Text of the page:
1. By this appeal the appellant seeks to challenge order of the learned Single Judge dt. 5.1.2006, whereby the learned Single Judge allowed the writ petition of the present private respondents No. 1 to 5, and thereby set aside the judgment of the learned Board of Revenue dated 6.1.1990.
2. The brief facts of the case are, that the appellants filed a suit in the Court of S.D.M. Vallabh Nagar for declaration of Khatedari rights, alleging interalia, that the land in question belonged to the deceased Kana, being the father of the defendants No. 2 to 6, and husband of defendant No. 1, which was sold by him to the plaintiff on Jeth Sudi 13, Samvat 2009, and by executing the sale deed the possession was delivered. Then, Lalu and Manga also sold their share to the plaintiffs' father on Phagan Sud 7, Samvat 2009, by executing sale deed, and delivered possession. Then, the fourth brother also sold land to the plaintiffs some 4-5 years before commencement of the Tenancy Act, and thus the land is in Khatedari, and use and occupation of the plaintiffs. However, since the land is not recorded in their name, they want a declaration of the Khatedari rights. The plea of adverse possession was also taken. Then, it was pleaded that the defendant No. 2 is trying to take proceedings for their dispossession, alleging them to be mortgagees. Thus, the suit was filed.
3. This suit was contested, interalia contending, that the alleged sale deed is unregistered and unstamped, and denying the theory of sale as had the sale been effected, mutation would have been effected, apart from the fact, that such transaction is barred by the provisions of the Rajasthan Tenancy Act.
4. The learned trial court, vide judgment Anexure-3 dt. 28.2.78, dismissed the suit, finding the documents to be not admissible in evidence, and also not believing the evidence led on the side of the plaintiff, and finding, that they have failed to establish their legal right.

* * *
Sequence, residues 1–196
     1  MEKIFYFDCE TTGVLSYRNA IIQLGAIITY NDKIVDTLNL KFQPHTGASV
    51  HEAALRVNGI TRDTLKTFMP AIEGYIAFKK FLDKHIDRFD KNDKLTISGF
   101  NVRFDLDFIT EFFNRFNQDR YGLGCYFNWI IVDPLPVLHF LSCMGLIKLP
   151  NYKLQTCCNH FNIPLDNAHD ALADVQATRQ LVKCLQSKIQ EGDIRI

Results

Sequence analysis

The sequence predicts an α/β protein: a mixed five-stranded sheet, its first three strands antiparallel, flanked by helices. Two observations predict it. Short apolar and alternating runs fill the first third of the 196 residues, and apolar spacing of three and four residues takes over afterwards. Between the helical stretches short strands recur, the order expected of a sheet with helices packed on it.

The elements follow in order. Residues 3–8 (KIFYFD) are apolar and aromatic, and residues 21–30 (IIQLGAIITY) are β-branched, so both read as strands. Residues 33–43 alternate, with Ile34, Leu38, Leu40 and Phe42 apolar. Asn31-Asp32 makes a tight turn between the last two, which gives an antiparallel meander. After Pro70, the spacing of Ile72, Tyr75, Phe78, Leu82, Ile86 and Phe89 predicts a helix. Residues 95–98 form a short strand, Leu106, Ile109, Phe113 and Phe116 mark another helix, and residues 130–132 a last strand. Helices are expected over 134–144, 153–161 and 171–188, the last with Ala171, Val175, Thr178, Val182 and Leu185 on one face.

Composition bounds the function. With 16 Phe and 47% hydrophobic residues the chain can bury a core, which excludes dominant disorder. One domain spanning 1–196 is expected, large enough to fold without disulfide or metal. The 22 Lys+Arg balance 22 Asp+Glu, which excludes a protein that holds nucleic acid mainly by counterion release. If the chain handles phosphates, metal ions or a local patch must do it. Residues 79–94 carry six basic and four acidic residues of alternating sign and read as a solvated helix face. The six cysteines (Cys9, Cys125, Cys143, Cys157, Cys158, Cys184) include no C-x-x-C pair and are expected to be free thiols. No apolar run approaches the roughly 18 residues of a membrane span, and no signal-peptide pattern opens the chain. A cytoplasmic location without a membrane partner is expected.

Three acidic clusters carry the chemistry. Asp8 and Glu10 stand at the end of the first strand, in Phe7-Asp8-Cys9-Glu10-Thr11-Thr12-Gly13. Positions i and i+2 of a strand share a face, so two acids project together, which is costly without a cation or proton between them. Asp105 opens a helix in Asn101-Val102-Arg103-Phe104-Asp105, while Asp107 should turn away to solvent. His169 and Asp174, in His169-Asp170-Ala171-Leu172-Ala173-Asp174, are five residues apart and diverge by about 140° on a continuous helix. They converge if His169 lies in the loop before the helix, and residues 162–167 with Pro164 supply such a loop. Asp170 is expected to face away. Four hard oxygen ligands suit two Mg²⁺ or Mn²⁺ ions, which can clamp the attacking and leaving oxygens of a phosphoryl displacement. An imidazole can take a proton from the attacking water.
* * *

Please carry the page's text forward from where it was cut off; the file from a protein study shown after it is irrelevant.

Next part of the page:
5. Against this judgment, the plaintiffs filed appeal before the learned Revenue Appellate Authority, which was also dismissed vide judgment dt. 23.6.79. Being further aggrieved, the plaintiffs filed a second appeal before the learned Board of Revenue. As the things have come, during pendency of the appeal before Board of Revenue, it was contended, that on 9.6.1983 the parties submitted a compromise in the Court of Munsiff Magistrate, Maoli, purporting to compromise the litigation pending in second appeal No. 259/79 in the Board of Revenue, wherein next date fixed was 19.8.83. On this compromise, the Magistrate directed the matter to be put up along with the concerned file on 10.6.83. Then on 10.5.83 the compromise was recorded, and was returned to the parties.
6. It is not understood, as to what was the matter before the Munsiff Magistrate. Be that as it may. The matter went on before the learned Board of Revenue, and it was as late as on 24.2.86, that the counsel for the present appellant produced the said compromise, before the learned Board of Revenue, and on that basis the learned Board of Revenue allowed the appeal, and decreed the suit.
7. Coming to know of it, the defendants filed a review petition, which was dismissed by the learned Board of Revenue, vide judgment dt. 6.1.1990, holding interalia, that in the compromise the defendants admitted that their father had transferred the disputed land to the plaintiff's father 32 years back. Thus, the transaction appears to be of a period, anterior to commencement of Rajasthan Tenancy Act, with the result, that the bar of Section 42 is not attracted, and then the contention about the compromise being invalid on the ground of Section 42, was not accepted. And since it was nowhere alleged, that the compromise was obtained by misrepresentation or fraud etc. Therefore, the review petition was dismissed.
8. Aggrieved of this judgment of the learned Board of Revenue, the defendants filed the writ petition before this Court, and the learned Single Judge found, that the learned Board of Revenue has no where recorded any satisfaction about lawfulness of the compromise, placed before it. Then, the compromise was found to be produced by the counsel for the plaintiffs, in absence of counsel for the defendants, or the defendants themselves, who were contesting the suit, right from inception. Then the compromise, despite being arrived at as early as in 1983, was not produced before the learned Board of revenue till 24.2.86, apart from the fact, that the compromise was not presented before the Board of Revenue, but was got verified before the Munsiff Magistrate, without any rhyme or reason. All these create doubt about the truthfulness of the compromise, and the learned Board of Revenue should have examined the matter, before acting upon the compromise.